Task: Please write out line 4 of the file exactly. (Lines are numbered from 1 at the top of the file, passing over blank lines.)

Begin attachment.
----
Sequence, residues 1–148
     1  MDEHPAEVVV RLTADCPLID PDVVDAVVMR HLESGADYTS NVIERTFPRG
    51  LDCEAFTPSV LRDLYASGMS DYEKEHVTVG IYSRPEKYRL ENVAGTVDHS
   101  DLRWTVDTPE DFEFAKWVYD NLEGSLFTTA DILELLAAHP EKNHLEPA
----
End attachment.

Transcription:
   101  DLRWTVDTPE DFEFAKWVYD NLEGSLFTTA DILELLAAHP EKNHLEPA